MMAC Making Smart Decisions for Sustainability
Vol.8 Issue 5

The Aeronautical Center continues to look toward the future by investing in renewable energy. By law, all federal agencies are required to utilize renewable energy for a specified percentage of the electric energy they consume. The Energy Policy Act requires that at least 7.5% of the total electrical energy used, comes from renewable sources. The Aeronautical Center traditionally meets and exceeds this requirement by using utility incentives to purchase Renewable Energy Certificates. However, using Renewable Energy Certificates to meet renewable energy requirements is likely to soon be phased out, and the requirement will have to be met by direct usage of renewable energy.

Future location of the solar PV system on the MMAC

To better meet this renewable energy requirement, the Aeronautical Center is planning to install a solar photovoltaic (PV) system. The system will be located near 74th Street and Quesada and will be capable of generating approximately 1.5 megawatts of electrical power. Over the course of a year, the solar PV system will generate approximately 2,600 megawatt-hours of electrical energy. This will help the Center progress toward mandated energy reduction goals and net-zero energy goals. Additionally, the electrical energy generated will offset approximately $170,000-$200,000 annually from the Center’s electric utility bill. Depending upon how much electric rates increase over the next 25 years, the annual savings will likely increase in the future - making this investment even better, economically.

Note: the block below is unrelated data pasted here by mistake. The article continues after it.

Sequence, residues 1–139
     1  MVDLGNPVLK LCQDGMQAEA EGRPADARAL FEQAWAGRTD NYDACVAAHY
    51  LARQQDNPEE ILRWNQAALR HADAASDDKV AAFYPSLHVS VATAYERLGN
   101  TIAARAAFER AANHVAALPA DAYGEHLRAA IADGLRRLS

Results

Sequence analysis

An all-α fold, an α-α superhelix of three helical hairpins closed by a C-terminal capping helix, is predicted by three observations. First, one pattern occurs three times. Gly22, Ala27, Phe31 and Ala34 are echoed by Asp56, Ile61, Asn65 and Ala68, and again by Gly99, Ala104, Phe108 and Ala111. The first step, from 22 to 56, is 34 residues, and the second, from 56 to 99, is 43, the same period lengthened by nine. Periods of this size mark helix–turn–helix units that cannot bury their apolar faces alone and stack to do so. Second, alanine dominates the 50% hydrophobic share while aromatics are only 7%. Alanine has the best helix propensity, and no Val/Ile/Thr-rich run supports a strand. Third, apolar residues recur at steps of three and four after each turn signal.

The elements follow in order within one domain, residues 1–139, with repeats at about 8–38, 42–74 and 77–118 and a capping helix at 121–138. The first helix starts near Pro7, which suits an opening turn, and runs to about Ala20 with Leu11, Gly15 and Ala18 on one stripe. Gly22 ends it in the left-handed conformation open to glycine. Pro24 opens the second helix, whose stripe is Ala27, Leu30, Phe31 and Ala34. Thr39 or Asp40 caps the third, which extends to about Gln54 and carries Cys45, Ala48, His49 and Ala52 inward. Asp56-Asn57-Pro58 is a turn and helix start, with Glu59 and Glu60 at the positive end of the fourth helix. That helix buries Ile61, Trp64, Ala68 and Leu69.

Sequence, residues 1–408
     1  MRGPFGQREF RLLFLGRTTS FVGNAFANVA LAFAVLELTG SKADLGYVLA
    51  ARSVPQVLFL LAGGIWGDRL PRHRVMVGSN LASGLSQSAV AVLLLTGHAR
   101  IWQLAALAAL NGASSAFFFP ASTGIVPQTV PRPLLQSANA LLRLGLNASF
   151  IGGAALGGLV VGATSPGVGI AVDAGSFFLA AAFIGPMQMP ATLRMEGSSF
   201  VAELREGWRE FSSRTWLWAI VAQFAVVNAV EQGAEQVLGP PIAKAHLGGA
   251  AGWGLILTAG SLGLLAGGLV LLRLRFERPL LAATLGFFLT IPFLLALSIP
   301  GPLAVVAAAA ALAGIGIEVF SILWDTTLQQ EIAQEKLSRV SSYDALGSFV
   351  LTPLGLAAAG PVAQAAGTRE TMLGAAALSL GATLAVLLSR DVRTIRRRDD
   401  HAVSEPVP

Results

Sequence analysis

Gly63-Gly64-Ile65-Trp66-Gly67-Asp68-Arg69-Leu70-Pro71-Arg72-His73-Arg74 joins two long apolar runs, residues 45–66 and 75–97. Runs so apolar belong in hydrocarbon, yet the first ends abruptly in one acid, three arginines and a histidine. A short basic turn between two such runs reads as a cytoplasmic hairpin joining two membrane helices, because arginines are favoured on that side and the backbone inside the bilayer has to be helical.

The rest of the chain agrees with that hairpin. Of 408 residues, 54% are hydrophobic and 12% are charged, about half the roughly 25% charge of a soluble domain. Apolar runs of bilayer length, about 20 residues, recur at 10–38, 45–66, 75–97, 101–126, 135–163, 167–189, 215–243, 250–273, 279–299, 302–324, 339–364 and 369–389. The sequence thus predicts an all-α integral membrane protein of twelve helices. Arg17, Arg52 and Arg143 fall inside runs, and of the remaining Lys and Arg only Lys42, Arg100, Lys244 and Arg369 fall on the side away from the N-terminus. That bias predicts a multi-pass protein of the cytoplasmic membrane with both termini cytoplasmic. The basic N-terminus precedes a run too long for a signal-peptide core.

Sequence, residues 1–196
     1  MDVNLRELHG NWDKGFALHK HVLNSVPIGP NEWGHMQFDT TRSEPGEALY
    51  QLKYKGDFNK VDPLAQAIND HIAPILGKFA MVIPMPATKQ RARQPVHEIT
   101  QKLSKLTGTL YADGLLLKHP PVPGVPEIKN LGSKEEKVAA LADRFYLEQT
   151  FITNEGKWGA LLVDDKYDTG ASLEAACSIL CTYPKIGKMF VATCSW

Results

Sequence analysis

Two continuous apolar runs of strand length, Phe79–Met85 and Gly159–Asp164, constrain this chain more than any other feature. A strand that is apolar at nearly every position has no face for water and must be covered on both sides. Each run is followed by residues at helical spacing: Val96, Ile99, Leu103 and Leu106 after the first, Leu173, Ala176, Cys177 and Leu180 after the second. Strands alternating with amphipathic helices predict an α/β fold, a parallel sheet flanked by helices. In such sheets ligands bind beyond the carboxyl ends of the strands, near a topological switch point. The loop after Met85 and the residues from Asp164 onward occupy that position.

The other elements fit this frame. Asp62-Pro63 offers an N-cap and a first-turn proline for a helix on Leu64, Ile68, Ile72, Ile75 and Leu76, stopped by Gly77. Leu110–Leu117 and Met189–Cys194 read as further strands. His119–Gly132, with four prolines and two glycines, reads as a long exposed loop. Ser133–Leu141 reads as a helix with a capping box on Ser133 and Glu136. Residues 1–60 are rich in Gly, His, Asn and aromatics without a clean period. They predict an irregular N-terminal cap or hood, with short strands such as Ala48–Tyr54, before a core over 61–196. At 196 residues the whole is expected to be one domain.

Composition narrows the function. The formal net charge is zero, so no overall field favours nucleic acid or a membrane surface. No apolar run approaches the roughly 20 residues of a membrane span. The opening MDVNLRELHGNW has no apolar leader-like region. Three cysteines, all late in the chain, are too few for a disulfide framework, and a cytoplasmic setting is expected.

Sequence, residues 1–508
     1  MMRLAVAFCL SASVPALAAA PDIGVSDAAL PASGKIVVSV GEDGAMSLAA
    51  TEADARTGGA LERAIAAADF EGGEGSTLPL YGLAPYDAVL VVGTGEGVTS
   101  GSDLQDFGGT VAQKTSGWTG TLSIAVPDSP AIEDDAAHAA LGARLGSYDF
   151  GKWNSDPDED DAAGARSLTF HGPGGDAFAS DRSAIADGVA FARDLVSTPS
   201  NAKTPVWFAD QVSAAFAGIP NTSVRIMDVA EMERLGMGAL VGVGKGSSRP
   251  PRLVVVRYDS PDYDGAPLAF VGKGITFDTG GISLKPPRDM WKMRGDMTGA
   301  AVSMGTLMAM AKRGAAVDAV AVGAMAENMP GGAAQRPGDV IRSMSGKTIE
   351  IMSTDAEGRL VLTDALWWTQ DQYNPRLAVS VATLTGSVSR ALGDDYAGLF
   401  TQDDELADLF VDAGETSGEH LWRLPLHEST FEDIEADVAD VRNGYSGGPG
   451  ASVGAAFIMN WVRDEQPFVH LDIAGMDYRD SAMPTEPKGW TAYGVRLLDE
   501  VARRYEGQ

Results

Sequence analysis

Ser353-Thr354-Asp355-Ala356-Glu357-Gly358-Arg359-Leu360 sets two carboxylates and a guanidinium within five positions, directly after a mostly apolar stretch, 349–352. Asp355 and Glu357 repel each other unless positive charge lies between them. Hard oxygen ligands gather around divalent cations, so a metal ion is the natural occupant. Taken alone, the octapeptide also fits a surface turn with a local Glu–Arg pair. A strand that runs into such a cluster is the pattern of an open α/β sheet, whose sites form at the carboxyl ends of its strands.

The most abundant resources for renewable energy in Oklahoma are wind and solar power. Solar PV is one of the best renewable energy sources for the Aeronautical Center. Although wind energy can be more economical on a utility scale, solar PV is more economical than wind energy on a user scale. The output of solar PV panels matches well with the Aeronautical Center’s electrical load with maximum output occurring during summer days, when load is also at a maximum. Although the solar PV system will be tied to the electrical grid, the Center will use 100% of the power produced by the system because the system only produces a fraction of the electrical power that is used on site.

Architectural rendering of a solar photovoltaic system

The solar PV project is being carefully designed and coordinated with OG&E and the Oklahoma City Airport to ensure safety. A thorough glare study and environmental assessment were devised to ensure that there are no adverse impacts. The system is also designed to be durable. The panels are designed to withstand high winds and golf ball sized hail without damage. The construction project is currently being bid, and is scheduled to be awarded in the fourth quarter of FY-22.

The solar PV project will position the Aeronautical Center to meet renewable energy mandates.

It will also help the Center to continue leading the FAA and DOT in protecting our environment, and conserving resources to meet our future energy needs.

Federal Aviation Aministration (FAA) seal